I stood my ground. I noted that these are the neighborhoods in Holyoke that have the lowest rates of car ownership (between a third and half of all households own zero vehicles), that this is exactly where we need to be steadfast in implementing our Complete Streets Policy.

Number of households with zero cars. Source: 2014 5-year American Community Survey

I noted that this street is never going to be redone in our lifetimes once this project is complete, and whatever decisions we make today will stick around for decades. And, importantly, I noted that ample car parking is not in the recipe for truly great urban spaces, and Holyoke could be a great urban space.

I don’t think I captivated any hearts or minds with my pleas.

“VMT Reduction Goals are Racist”

I remembered a talk that I attended at a transportation conference some years ago (don’t remember which one, but I think it was TRB). There was a panel of experts arguing for and against VMT goals. For those unfamiliar, VMT stands for Vehicle Miles Traveled, and some states and cities have set goals for lowering the amount of driving as measured by VMT. Massachusetts has a goal of tripling biking, walking, and transit use by 2030, though not any explicit VMT reduction goal.

One of the panelists made a bold assertion against VMT reduction goals. He said something to the effect of, “We spent half a century building infrastructure that was too expensive for most minorities to use because they couldn’t afford a car. Now that minority car ownership is rising, we’re starting to tell people that, ‘Oh, no, actually, we need to drive less.’ VMT reduction goals are the very definition of racism!”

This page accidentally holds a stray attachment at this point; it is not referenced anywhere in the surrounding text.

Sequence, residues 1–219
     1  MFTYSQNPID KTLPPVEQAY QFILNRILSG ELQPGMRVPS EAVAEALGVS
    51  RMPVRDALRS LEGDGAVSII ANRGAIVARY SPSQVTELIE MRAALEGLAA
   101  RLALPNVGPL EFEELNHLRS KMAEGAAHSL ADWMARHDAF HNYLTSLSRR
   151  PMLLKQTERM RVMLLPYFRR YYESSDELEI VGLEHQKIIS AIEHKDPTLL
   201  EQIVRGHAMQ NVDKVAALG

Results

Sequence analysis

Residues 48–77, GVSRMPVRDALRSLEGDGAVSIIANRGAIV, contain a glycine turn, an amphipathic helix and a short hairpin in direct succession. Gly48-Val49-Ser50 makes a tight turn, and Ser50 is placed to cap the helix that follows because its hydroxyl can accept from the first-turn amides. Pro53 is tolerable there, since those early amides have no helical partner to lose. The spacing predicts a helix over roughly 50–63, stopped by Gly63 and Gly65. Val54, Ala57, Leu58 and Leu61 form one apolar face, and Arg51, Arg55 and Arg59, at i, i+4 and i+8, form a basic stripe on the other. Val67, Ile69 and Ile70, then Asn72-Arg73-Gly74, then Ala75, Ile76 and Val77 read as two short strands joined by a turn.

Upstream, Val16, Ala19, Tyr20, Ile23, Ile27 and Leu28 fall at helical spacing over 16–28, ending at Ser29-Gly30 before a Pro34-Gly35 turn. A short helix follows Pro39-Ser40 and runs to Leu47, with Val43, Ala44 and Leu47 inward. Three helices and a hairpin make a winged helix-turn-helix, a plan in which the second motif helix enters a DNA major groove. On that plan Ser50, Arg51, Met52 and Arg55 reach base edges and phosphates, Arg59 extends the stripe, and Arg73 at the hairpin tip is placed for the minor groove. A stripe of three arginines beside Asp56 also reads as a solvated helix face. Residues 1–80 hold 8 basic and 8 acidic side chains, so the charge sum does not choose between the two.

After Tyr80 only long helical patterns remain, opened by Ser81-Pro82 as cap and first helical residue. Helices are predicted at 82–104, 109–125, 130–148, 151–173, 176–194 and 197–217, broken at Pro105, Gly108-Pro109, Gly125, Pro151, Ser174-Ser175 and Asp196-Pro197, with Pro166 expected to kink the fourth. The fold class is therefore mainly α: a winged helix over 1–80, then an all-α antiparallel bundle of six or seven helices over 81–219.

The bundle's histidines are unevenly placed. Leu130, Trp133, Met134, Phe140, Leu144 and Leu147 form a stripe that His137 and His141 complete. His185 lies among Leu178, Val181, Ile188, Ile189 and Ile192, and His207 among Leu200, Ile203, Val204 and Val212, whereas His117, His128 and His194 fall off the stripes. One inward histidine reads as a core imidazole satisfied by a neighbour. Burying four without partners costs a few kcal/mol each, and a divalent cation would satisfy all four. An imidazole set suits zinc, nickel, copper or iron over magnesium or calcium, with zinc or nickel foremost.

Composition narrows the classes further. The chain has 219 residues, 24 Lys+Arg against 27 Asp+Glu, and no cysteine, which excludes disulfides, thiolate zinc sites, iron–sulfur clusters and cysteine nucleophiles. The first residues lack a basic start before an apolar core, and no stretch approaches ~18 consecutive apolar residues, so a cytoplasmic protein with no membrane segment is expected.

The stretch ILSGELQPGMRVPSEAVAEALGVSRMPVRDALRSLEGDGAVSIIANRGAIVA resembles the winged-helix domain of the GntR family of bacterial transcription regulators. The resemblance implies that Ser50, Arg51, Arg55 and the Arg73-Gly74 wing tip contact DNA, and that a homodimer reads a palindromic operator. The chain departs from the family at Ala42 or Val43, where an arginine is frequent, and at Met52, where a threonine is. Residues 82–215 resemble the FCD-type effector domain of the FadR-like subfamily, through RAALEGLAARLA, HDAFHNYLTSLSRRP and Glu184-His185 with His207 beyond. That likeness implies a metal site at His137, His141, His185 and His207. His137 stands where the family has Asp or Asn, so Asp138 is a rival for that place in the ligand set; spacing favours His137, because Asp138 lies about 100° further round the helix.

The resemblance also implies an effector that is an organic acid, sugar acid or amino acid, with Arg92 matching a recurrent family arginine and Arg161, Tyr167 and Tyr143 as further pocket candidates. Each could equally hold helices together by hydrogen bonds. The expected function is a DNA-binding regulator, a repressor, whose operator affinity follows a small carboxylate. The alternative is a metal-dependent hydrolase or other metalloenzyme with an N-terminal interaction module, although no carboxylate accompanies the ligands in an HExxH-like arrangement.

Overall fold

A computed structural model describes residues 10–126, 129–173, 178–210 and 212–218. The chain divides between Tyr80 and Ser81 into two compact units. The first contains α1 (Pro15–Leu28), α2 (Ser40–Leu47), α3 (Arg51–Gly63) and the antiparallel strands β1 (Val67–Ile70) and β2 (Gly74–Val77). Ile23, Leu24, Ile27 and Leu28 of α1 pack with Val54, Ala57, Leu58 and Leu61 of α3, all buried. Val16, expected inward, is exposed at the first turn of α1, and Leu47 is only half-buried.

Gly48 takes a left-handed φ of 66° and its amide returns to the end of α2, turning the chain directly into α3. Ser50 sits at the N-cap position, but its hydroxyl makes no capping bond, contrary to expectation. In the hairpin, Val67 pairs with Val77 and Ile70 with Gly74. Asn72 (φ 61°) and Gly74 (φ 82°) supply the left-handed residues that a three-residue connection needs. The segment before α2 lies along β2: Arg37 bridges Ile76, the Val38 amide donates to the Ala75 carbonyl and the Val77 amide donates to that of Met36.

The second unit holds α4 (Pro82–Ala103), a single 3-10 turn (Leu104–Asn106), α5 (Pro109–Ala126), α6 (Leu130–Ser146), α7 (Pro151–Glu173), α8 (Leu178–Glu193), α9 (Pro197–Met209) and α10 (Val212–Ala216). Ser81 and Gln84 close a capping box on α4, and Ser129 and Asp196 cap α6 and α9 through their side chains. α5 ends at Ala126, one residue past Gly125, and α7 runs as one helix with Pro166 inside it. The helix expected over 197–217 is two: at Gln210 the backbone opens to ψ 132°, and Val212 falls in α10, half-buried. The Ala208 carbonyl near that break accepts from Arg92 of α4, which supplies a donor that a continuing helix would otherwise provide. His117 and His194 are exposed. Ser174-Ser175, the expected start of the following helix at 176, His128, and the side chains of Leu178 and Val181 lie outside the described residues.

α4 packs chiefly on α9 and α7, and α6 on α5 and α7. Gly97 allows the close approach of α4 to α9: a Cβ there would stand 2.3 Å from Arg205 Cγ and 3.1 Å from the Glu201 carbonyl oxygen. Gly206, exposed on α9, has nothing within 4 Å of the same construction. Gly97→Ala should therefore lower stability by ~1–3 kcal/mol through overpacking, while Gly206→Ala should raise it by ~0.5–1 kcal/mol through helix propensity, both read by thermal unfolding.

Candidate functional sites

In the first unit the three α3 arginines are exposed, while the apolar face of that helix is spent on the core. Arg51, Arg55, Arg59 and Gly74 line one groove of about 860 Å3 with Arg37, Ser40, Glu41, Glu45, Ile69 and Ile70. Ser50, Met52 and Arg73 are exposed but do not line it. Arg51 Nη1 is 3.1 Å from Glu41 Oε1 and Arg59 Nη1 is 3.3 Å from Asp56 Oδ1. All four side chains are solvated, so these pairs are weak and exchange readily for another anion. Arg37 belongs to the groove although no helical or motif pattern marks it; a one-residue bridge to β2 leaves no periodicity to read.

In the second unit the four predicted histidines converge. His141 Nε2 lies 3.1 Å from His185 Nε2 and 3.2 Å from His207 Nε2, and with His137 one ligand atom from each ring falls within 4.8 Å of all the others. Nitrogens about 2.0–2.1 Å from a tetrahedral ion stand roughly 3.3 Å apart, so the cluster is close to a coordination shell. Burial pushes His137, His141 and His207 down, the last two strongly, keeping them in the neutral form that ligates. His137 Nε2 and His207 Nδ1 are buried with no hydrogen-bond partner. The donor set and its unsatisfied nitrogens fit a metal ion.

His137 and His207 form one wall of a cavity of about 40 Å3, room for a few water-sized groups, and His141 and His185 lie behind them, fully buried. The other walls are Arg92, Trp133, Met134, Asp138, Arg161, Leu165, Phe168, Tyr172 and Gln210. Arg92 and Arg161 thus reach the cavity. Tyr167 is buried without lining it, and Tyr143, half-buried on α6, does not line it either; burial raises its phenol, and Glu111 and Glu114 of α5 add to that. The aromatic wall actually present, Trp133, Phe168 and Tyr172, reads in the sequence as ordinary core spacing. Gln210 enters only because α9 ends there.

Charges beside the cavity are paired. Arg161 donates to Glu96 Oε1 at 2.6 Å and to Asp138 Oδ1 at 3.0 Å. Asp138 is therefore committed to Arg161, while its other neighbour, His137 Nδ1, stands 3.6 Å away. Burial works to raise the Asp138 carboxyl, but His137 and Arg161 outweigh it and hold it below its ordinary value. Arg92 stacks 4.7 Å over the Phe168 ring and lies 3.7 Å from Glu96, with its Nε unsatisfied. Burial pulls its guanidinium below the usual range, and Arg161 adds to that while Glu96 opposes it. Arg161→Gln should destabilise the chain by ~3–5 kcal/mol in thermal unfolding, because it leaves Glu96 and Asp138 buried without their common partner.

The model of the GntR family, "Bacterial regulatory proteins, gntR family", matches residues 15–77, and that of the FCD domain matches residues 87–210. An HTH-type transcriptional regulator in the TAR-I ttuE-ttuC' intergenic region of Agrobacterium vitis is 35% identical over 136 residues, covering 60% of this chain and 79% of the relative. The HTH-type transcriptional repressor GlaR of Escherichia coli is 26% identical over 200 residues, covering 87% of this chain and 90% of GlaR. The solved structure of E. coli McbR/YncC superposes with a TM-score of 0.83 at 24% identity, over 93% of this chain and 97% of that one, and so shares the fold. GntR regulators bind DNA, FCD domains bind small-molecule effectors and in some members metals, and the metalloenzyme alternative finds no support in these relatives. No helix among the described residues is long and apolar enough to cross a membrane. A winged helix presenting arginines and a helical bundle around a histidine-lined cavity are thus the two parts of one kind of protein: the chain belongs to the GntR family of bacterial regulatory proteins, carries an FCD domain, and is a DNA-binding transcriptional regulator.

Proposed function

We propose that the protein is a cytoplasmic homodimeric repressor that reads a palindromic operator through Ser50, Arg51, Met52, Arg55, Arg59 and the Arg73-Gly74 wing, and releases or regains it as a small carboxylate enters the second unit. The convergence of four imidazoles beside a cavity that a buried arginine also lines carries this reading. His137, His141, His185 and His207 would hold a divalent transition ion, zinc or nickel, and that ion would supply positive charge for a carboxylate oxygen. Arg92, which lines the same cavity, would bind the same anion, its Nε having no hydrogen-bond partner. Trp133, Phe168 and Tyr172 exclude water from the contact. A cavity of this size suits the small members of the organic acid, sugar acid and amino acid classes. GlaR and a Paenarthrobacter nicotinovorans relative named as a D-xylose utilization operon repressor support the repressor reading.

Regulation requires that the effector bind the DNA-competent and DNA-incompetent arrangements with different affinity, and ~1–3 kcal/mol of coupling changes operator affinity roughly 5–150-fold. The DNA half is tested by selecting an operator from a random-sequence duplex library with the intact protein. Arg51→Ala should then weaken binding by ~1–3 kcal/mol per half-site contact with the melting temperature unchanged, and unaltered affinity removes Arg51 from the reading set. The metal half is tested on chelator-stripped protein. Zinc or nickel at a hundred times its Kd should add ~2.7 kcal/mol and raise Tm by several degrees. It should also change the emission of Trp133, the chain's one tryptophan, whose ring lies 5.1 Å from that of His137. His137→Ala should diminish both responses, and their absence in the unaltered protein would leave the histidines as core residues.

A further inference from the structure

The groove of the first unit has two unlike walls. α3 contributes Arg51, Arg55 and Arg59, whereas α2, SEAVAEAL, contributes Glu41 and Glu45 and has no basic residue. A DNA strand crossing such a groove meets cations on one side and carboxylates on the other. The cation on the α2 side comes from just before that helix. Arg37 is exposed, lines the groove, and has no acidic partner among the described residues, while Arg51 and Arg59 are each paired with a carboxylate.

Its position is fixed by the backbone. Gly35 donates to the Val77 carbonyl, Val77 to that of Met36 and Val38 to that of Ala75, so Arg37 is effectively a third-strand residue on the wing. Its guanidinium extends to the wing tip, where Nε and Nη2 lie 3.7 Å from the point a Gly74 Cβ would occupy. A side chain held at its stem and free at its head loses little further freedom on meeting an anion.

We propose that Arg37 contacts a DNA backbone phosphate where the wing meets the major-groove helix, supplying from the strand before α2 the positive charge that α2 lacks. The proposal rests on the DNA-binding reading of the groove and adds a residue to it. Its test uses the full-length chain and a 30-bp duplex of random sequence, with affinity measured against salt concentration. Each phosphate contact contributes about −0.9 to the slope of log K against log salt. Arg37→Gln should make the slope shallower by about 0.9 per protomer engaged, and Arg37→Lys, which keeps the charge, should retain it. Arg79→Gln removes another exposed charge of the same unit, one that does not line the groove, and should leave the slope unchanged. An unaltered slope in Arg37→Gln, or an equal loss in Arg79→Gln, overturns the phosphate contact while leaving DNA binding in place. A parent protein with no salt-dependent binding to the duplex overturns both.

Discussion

I was floored. There are so many negative impacts from the tremendous amount of driving we do as a society, ranging from 40,000 traffic fatalities per year, to feeding the obesity epidemic and asthma rates near highways, to contributing about a third of all greenhouse gas emissions. Less driving could only benefit humanity, couldn’t it? How in the world could it be racist?

Aspiring to Driving

I’m reminded of the conventional wisdom that poor people don’t like the idea of soaking the rich through taxes because they, too, could be rich some day (for a more nuanced article on that, see here). At the risk of making too broad an assumption, it makes sense that neighborhood residents at this meeting – even non-driving residents – would defend parking. After all, even if they don’t own a car, they sometimes get rides from people who do, and they hope to own a car as soon as possible.

So of course my pleas would fall on unreceptive ears. From my perspective, I grew up with cars as my primary means of transportation until I was about 18 years old. Cars are nothing special, taken for granted, and so it’s easy for me to eschew them. However, for a kid who grew up riding the bus and was “transportation poor” – always scrounging for a friend or relative to get her to places the bus didn’t go – a car could be an aspirational sign of having “made it” and a crucial part of a safety net.